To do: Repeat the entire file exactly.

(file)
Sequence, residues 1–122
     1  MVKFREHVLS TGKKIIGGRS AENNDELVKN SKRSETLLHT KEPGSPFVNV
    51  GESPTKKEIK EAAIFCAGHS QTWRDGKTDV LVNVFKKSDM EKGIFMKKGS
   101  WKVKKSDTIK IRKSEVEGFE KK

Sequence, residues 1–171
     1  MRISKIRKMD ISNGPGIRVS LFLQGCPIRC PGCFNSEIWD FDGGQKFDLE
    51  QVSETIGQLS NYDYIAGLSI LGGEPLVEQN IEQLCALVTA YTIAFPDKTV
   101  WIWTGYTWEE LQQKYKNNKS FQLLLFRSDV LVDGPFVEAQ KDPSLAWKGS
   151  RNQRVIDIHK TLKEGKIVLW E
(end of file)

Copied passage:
Sequence, residues 1–122
     1  MVKFREHVLS TGKKIIGGRS AENNDELVKN SKRSETLLHT KEPGSPFVNV
    51  GESPTKKEIK EAAIFCAGHS QTWRDGKTDV LVNVFKKSDM EKGIFMKKGS
   101  WKVKKSDTIK IRKSEVEGFE KK

Sequence, residues 1–171
     1  MRISKIRKMD ISNGPGIRVS LFLQGCPIRC PGCFNSEIWD FDGGQKFDLE
    51  QVSETIGQLS NYDYIAGLSI LGGEPLVEQN IEQLCALVTA YTIAFPDKTV
   101  WIWTGYTWEE LQQKYKNNKS FQLLLFRSDV LVDGPFVEAQ KDPSLAWKGS
   151  RNQRVIDIHK TLKEGKIVLW E